The 1915 building was designed by W. Marbury Somervell (1872-1939) and Harlan Thomas in the Beaux-Arts, Georgian Revival style of architecture and constructed with funds donated by philanthropist Andrew Carnegie. It was the smallest of The Seattle Public Library’s Carnegie branches. Located within the Columbia City Landmark District, the building was listed on the National Register of Historic Places.
The expansion was designed by Cardwell Architects, who chose construction materials to complement the historical building. The new portion of the building extends from the back of the original structure, maintaining the building’s original street presence. The expanded branch has 12,420 square feet, up from 6,825 square feet, and it cost $3,526,178 to complete. The library’s interior is redesigned for increased efficiency and increased access for people with disabilities. The ventilation, electrical, mechanical, and computer systems are modernized.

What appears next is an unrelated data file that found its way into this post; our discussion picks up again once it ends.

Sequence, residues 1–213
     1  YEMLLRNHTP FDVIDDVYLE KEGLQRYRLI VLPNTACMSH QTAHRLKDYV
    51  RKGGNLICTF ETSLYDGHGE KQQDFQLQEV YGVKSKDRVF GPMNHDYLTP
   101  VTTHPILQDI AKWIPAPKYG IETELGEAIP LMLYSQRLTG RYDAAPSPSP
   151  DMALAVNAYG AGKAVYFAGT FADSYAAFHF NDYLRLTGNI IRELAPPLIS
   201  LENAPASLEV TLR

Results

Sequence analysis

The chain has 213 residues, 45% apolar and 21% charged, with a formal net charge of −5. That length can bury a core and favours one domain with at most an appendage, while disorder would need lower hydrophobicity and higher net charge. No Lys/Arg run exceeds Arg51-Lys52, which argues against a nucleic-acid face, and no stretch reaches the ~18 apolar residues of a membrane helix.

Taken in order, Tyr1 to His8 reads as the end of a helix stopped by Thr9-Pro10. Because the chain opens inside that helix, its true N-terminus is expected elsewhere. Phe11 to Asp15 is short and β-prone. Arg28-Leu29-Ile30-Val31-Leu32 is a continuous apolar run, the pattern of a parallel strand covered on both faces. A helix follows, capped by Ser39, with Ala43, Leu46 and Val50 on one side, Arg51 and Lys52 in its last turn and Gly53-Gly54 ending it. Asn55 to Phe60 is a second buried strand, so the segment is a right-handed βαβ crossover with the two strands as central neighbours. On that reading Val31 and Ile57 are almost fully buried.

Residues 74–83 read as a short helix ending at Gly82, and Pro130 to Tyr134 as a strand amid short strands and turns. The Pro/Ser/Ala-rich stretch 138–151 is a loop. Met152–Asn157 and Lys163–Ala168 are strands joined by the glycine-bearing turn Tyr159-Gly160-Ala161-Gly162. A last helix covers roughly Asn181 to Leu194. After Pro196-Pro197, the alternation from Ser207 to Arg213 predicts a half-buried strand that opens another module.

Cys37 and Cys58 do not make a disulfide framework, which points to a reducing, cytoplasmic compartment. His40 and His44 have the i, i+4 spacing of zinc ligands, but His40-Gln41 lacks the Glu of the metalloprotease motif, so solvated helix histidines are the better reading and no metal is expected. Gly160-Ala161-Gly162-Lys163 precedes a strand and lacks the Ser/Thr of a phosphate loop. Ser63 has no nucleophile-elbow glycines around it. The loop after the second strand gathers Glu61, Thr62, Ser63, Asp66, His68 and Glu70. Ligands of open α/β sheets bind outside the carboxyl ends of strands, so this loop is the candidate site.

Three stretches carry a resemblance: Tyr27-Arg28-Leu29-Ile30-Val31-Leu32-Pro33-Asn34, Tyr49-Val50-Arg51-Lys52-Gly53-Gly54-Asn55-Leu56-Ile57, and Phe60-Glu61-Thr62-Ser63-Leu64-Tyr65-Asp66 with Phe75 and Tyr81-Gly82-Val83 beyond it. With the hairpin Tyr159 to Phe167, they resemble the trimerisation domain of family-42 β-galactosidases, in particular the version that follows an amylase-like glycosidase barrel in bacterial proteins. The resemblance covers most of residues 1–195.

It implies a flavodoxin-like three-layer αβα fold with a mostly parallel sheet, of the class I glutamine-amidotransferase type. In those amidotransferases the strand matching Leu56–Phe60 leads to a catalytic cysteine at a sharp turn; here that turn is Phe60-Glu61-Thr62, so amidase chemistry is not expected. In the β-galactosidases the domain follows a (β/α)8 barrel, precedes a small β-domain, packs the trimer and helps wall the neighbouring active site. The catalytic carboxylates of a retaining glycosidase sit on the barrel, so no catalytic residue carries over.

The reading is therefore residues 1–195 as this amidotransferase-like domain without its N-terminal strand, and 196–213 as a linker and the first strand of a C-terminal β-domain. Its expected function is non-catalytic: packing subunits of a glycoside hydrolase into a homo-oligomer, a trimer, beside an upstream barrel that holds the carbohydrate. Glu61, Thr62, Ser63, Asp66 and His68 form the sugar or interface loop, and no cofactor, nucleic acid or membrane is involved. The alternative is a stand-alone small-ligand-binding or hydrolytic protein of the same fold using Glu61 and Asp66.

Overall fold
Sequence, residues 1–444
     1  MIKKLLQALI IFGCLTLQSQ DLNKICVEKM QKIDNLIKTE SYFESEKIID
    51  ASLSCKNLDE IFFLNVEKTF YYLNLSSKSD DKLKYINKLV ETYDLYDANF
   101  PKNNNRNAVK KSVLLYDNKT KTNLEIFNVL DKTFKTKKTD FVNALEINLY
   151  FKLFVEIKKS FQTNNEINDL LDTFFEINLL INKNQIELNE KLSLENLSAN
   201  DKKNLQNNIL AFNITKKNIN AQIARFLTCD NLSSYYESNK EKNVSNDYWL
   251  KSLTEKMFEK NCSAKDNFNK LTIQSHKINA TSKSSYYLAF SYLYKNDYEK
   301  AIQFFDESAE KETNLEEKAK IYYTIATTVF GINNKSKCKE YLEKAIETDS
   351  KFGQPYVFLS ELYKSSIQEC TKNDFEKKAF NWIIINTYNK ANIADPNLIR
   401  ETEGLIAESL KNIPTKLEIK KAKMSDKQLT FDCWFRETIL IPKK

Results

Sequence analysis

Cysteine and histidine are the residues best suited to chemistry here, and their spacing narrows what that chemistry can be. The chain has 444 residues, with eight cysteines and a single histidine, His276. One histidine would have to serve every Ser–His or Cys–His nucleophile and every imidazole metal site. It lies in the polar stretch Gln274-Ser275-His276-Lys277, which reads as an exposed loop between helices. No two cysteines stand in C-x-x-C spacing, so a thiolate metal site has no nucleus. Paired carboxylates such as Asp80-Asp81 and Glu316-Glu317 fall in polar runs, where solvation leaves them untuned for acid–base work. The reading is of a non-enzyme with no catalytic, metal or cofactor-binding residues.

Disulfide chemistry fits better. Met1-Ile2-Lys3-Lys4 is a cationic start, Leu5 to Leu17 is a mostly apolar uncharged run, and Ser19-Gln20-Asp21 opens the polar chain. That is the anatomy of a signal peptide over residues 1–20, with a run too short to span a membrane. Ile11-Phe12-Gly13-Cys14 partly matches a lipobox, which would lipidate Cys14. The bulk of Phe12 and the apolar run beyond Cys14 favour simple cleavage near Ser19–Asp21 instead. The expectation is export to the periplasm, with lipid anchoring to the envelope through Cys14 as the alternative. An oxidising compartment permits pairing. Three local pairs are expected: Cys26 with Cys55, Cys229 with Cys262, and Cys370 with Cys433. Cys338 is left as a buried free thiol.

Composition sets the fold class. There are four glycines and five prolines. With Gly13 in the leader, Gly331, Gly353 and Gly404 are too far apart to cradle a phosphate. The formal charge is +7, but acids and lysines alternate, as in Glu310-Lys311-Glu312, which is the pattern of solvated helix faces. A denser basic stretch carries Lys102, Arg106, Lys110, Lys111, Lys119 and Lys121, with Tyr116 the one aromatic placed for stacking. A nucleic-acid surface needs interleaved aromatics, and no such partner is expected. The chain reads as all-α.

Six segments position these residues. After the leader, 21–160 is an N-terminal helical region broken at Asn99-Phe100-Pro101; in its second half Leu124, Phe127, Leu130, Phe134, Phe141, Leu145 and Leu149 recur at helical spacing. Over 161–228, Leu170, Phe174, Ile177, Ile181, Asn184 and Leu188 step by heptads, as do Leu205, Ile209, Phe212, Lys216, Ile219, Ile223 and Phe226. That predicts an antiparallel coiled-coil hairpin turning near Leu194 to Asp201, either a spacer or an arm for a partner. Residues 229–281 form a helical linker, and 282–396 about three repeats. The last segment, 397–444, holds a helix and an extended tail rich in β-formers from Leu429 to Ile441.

The renovated Columbia Branch serves the neighborhood’s multicultural community with materials in Spanish, Vietnamese, Chinese, Somali, Oromo, Amharic, Tigrinya, and Tagalog, as well as many materials designed to help people learning English as a second language.
The children’s area, located in the new addition, looks out on Columbia Park next door. A new staff room, study room, meeting room, and reading room lit by natural light also shared the new addition.
The artwork in the branch consists of 40 photographs of neighborhood residents taken by Chinese immigrant and Vancouver, British Columbia, resident Gu Xiong. The photographs, large scale and encased in curving Plexiglas, are accompanied by messages written in English and in the subject’s native language. Many of the photographs were taken at the nearby Refugee Women’s Alliance.
Columbia Branch patrons endured a year without access to their branch during construction. Columbia Branch patrons are among the most diverse mixture of all incomes and cultures in the Seattle Public Library system.